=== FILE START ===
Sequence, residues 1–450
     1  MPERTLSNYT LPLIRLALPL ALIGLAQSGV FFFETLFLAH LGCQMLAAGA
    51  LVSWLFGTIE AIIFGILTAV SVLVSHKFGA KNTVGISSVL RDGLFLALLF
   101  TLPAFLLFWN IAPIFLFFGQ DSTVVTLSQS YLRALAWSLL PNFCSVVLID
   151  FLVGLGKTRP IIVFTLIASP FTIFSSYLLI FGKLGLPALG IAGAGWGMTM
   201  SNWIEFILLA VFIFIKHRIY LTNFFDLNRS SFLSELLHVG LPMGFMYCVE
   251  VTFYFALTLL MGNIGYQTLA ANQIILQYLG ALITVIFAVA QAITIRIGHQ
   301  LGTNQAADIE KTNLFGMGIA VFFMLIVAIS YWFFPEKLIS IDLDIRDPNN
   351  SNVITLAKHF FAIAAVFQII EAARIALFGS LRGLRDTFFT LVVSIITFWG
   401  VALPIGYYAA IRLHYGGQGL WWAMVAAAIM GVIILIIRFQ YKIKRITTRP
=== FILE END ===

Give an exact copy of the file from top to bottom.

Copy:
Sequence, residues 1–450
     1  MPERTLSNYT LPLIRLALPL ALIGLAQSGV FFFETLFLAH LGCQMLAAGA
    51  LVSWLFGTIE AIIFGILTAV SVLVSHKFGA KNTVGISSVL RDGLFLALLF
   101  TLPAFLLFWN IAPIFLFFGQ DSTVVTLSQS YLRALAWSLL PNFCSVVLID
   151  FLVGLGKTRP IIVFTLIASP FTIFSSYLLI FGKLGLPALG IAGAGWGMTM
   201  SNWIEFILLA VFIFIKHRIY LTNFFDLNRS SFLSELLHVG LPMGFMYCVE
   251  VTFYFALTLL MGNIGYQTLA ANQIILQYLG ALITVIFAVA QAITIRIGHQ
   301  LGTNQAADIE KTNLFGMGIA VFFMLIVAIS YWFFPEKLIS IDLDIRDPNN
   351  SNVITLAKHF FAIAAVFQII EAARIALFGS LRGLRDTFFT LVVSIITFWG
   401  VALPIGYYAA IRLHYGGQGL WWAMVAAAIM GVIILIIRFQ YKIKRITTRP